The Sugar Regulatory Administration (SRA) expects lower sugar production for the current crop year of 2.10 million metric tons (MT) from the previously projected 2.19 million MT.
SRA said Tuesday that the lower projection was due to La Niña that become “more severe than initially expected that it brought heavy rains in all sugar-producing regions even flooding in several sugarcane fields.”
Some of the areas affected by the flooding were in the top sugar-producing province Negros Occidental, particularly Silay, Victorias, and Cadis.
According to SRA, sugar content in cane determined through 50-kilo bag sugar per ton cane is essentially lower.
Based on the latest report of the Philippine Atmospheric, Geophysical, and Astronomical Services Administration (PAGASA), La Niña is expected to last longer than previously reported.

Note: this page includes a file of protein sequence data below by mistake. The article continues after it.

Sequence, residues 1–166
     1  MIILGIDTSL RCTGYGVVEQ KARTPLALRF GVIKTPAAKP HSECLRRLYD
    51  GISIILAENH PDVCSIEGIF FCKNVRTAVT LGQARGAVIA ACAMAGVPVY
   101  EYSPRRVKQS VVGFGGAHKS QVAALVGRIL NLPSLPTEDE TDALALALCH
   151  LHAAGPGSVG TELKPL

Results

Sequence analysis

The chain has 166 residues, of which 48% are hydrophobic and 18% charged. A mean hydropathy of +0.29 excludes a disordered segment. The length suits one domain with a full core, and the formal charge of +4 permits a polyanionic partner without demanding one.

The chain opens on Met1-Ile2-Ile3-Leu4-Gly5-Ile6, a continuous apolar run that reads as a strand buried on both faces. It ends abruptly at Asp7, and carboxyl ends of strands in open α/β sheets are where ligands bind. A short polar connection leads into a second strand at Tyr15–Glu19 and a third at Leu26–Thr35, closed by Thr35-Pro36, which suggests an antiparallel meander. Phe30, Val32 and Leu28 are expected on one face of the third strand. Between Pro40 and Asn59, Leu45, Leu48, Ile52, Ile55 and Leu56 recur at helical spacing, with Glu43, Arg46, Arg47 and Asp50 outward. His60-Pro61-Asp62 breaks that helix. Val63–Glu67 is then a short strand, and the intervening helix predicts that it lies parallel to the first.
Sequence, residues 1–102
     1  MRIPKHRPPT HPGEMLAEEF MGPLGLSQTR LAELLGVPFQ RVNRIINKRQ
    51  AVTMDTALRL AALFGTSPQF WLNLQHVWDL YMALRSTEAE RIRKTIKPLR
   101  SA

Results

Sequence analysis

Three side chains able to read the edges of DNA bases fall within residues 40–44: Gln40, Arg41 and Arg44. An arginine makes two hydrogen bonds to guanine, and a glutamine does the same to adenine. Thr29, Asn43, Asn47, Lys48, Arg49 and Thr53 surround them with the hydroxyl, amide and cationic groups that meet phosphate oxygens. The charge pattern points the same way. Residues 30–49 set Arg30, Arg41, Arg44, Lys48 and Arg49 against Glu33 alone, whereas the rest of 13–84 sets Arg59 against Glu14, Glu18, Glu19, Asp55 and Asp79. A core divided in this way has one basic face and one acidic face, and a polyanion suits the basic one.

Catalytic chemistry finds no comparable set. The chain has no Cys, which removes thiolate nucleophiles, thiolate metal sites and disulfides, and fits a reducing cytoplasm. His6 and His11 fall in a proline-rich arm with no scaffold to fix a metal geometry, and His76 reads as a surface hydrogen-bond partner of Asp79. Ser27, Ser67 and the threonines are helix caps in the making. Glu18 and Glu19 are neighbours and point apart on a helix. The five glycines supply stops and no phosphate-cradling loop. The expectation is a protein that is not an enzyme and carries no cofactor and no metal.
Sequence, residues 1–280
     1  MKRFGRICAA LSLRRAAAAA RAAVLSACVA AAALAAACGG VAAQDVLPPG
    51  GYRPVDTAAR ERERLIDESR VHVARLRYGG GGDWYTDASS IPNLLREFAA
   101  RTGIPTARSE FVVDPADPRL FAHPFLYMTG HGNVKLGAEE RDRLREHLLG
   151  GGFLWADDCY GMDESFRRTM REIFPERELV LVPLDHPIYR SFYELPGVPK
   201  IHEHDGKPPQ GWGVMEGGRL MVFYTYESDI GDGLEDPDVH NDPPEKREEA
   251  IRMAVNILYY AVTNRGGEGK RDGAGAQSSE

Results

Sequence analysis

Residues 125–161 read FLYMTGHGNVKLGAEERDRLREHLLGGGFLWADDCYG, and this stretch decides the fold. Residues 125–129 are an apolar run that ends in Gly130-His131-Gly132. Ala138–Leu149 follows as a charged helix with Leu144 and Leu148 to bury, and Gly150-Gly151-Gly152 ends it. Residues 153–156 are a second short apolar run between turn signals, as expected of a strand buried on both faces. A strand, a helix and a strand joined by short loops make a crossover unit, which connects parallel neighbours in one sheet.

The Philippines’ sugar crop year starts in September and ends in August of the following year.
Meanwhile, the regulatory body also suspended sugar allocation for export to the United States during the current crop year amid the projected shortfall.
In a Sugar Order (SO) 1-A dated 30 March, the SRA amended SO 1, which allotted 7 percent of the country’s forecasted sugar production for the year to ‘A’ sugar or sugar exports to the US.
SO 1-A also classified 100 percent of the sugar production as ‘B’ sugar, which is allotted for local consumption.
“As I have repeatedly stressed in my correspondences, it is unconscionable to export if eventually, we are to import which will again prompt the resurgence of calls to liberalize which industry stakeholders have been fighting against, knowing that this will kill the sugar industry,” SRA Board Member Emilio Yulo said.
As of February, the national sugar production is at 1.22 million MT — still 965,375 MT short to attain the projected national sugar production.
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